This means we could have 4 or more wells within one mile of our little village in Ryedale [not KM]
The fracking industry feel this is too restrictive, however, and have successfully lobbied government to take all “decisions” [aka approvals] in-house. The government is now “consulting” on this, but enforcing such a totalitarian measure against the wishes of the electorate will surely be political suicide.
No, I moved for other reasons, and now live next to a field just purchased by “travellers”!
A lady who lives not so far away had the same. She ended up finding a new husband to move in with, a distance away, and her property was sold for 50% of it’s value. I am keeping an eagle eye on the missus! Perhaps I should purchase some AJL shares to “hedge” the property devaluation? (joke.)
I suspect KM will end up as a means to extract a little more from a depleting gas resource, unless they hit upon something unexpected. But the lack of a quick sale for Barclays tends to point against that.
In other areas I think the number of wells will be much smaller than feared, if octopus wells could be utilised. I would call that one, you might think of it as 8 (or more). But, I accept that will not be known until tests have been done.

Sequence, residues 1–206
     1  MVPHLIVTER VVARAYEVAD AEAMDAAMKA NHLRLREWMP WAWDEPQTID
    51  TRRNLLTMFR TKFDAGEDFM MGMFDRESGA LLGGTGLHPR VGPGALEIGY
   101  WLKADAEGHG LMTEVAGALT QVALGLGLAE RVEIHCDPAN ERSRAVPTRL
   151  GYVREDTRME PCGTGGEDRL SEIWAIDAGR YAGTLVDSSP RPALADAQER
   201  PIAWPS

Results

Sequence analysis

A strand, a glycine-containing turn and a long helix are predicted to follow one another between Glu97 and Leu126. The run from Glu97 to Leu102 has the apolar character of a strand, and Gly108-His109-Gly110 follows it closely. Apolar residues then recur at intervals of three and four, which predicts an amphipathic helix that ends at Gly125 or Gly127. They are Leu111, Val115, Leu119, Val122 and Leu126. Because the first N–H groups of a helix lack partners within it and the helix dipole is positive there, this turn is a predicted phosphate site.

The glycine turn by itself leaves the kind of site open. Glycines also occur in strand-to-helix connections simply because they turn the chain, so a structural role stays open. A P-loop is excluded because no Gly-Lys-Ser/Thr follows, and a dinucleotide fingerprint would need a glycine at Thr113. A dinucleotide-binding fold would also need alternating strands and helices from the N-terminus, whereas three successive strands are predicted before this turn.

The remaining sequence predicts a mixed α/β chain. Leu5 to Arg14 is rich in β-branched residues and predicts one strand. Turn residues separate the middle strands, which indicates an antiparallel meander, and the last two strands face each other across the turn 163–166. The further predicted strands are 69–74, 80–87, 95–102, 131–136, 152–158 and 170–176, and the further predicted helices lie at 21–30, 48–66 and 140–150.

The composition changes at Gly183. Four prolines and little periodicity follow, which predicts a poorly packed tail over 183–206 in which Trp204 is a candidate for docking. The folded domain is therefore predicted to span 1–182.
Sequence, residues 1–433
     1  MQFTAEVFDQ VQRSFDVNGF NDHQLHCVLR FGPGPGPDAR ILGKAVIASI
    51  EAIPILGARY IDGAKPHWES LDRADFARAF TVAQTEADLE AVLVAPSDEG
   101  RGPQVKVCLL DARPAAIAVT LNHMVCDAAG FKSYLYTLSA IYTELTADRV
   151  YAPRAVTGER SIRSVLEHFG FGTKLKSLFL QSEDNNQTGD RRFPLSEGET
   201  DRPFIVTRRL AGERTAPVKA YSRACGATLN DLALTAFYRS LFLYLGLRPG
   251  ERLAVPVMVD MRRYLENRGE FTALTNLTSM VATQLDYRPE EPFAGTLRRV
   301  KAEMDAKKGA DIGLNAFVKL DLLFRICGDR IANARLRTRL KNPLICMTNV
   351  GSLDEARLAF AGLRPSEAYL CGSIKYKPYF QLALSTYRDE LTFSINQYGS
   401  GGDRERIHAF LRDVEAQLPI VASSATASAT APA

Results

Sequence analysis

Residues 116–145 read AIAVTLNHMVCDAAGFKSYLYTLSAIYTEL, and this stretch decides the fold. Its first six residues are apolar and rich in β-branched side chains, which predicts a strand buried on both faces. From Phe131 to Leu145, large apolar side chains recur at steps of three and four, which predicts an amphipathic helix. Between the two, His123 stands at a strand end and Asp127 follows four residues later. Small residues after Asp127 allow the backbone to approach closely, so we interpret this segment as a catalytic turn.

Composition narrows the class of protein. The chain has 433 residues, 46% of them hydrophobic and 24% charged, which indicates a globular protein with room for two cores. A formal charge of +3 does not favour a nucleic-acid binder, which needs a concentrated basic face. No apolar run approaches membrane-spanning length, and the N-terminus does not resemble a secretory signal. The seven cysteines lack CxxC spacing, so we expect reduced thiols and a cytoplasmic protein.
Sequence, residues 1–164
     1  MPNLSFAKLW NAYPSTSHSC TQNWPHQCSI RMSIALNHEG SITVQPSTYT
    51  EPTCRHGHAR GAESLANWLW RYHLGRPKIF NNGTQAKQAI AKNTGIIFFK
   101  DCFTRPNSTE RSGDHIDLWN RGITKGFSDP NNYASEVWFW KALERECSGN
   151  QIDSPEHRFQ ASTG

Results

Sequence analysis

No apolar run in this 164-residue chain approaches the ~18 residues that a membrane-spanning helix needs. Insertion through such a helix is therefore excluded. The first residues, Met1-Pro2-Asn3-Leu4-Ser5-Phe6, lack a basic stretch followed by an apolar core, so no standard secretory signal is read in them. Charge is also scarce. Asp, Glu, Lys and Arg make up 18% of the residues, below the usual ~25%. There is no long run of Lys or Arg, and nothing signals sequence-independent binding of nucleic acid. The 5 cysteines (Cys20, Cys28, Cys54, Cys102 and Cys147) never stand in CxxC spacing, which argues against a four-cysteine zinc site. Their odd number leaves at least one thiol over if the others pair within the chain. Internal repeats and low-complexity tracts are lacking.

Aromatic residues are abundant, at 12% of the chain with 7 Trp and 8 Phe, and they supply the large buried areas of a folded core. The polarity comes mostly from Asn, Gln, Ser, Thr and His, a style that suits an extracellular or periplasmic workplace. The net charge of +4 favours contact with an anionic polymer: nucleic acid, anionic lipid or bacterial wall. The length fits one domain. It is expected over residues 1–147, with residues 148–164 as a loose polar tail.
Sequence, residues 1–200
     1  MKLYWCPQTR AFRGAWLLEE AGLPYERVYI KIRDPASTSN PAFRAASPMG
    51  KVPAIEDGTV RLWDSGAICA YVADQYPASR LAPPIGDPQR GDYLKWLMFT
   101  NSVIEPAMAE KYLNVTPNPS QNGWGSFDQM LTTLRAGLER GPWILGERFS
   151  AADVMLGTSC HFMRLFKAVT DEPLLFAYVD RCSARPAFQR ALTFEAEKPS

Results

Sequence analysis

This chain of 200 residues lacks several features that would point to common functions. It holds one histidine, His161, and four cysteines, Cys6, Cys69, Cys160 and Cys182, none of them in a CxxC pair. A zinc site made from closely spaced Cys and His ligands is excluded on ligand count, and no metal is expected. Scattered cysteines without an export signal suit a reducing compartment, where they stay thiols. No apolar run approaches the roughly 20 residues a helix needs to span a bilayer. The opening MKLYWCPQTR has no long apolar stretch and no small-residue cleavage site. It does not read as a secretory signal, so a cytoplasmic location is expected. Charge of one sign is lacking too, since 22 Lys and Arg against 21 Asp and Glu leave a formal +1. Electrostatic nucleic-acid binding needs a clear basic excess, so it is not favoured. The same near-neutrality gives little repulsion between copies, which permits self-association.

Because things have operated in USA a certain way, it does not mean they will operate the same in the UK. The UK oil and gas industry has demonstrated that up to now, and I see no reason for that to change. I would have thought KM has been a pretty good example of that to date.
‘No, I moved for other reasons, and now live next to a field just purchased by “travellers”!’ – this suggests it is okay for you to travel but not others? How are you more ‘important’ or ‘worthy’ to live on your plot, whilst other humans choose to live a different way on theirs?
Worried you are becoming a NIMBY….
There is a role here for the information Commissioner methinks?
You post without knowledge of the subject, again, Sherwulfe.
My son was best man at a “travellers” wedding, so like all communities, there are social and anti social elements. (As a point of information, many “travellers” do nothing of the sort, until evicted.)
Absolutely lovely family that he was best man to, unfortunately some of their guests were not, and decided to smash up the reception venue.